Beach ambassador behind Treasure Island ‘Hole Patrol’ plans ‘ticketed’ cleanup after Fourth of July

Pinellas County

ST. PETERSBURG, Fla. (WFLA) – The Treasure Island Beach ambassador behind the “Hole Patrol” in Pinellas County is providing “tickets” for a post-Fourth of July cleanup.

Carrie Auerbach is an ambassador for Treasure Island Adopt-A-Beach and runs the Facebook page. She lives only 2 miles from the beach and goes every day to pick up trash. That’s how the page initially got started.

“We pick up trash after holidays. We work with the city and we schedule our holiday pickups just to keep the beach clean,” Auerbach explained.

The next cleanup for any volunteers interested is July 5, which is near the anniversary of when Auerbach’s Facebook page began. 

“I started the Adopt A Beach Facebook page right after Fourth of July last year. My friend and I were picking up trash, picking up a lot of trash, a lot of fireworks, and I posted a video of her and it was a very passionate video,” she explained. “She actually teared up and it we posted it on another Treasure Island Facebook page and got a lot of hits.”

Auerbach said another woman passionate about keeping the beach clean saw the video and asked where the duo had cleaned up, so she could head farther north to do her part.

That’s what gave Auerbach the idea to start her own Facebook page, to keep those who love Treasure Island and its beauty close and for them to know about upcoming cleanups and volunteer opportunities.

Auerbach’s EventBrite events for these cleanups offer “tickets” that break up the beach into sections. More “tickets” are given out for larger, wider portions of the beach. The beach is sectioned off from “A” to “F.”

“And different tickets in area ‘A,’ which is north, right above John’s Pass, maybe there will be 10 tickets because it’s a small area, but way down [in] area ‘C,’ where it’s a very long beach, very wide, I’ll put 40 tickets,” Auerbach said. “People will go there, so we cover the entire length of the beach during our cleanups.”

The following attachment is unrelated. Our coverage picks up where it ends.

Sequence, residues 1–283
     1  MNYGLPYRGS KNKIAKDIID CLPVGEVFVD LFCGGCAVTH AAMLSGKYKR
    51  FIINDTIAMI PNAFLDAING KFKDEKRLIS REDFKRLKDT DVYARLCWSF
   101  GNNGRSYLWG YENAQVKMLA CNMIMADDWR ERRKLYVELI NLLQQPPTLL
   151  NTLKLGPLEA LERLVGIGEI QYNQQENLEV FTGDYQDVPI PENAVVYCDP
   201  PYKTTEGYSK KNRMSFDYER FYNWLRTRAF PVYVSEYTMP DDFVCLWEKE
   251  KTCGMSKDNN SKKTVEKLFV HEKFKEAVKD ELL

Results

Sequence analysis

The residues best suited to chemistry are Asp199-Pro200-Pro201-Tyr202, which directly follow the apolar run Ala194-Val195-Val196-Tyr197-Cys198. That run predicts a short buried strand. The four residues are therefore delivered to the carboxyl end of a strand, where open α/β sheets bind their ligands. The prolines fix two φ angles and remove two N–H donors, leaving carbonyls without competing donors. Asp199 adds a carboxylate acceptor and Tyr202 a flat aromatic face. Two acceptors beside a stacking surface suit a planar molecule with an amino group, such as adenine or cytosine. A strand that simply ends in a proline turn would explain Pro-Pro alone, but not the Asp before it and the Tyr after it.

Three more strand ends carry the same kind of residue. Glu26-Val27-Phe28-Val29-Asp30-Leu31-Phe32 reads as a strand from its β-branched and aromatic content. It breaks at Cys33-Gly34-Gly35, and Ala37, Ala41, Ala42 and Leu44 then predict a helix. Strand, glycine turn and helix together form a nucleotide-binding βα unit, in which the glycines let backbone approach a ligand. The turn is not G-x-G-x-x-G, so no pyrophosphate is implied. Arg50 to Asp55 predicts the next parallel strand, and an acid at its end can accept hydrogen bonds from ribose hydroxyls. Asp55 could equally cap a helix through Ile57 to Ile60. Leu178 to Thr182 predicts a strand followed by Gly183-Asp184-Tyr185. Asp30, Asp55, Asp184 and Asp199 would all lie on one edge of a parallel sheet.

The July 5 cleanup will be held in the morning, after a fireworks display on the beach for the Independence Day holiday.

“I’m sure people are going to be setting off their own fireworks and not cleaning up, along with other trash but it’ll be our job that morning to set out to the beach and clean up and fill holes then as well,” Auerbach said.

In addition to these cleanups after holidays, Auerbach is also organizing a “Hole Patrol” volunteer team after numerous, large, mysterious holes have been discovered on Treasure Island and other beaches throughout Pinellas County.

“People are spending a lot of time on the beach, and maybe digging holes – digging big holes – and then when they’re done at the end of the day, five, six hours, later they’re too tired… and just don’t feel like filling them in,” Auerbach speculated. “So it’s our job to educate why they need to be filled in.”

As for sea turtle nesting, the four miles of Treasure Island beach is monitored by the Clearwater Marine Aquarium every morning. Auerbach said she thinks there are probably about 10 nests so far, early in sea turtle nesting season.

Those interested in volunteering to help clean up the beach after the holiday on July 5 can get a “ticket” through EventBrite now.

Auerbach says she will be at the Treasure Island Chamber of Commerce Kiosk from 8:15 a.m. until 9:15 a.m. with supplies, T-shirts and giveaways.

The assigned areas for the cleanup are listed on the event page.

To help with the hole patrol group effort, you can head to the Facebook post or email

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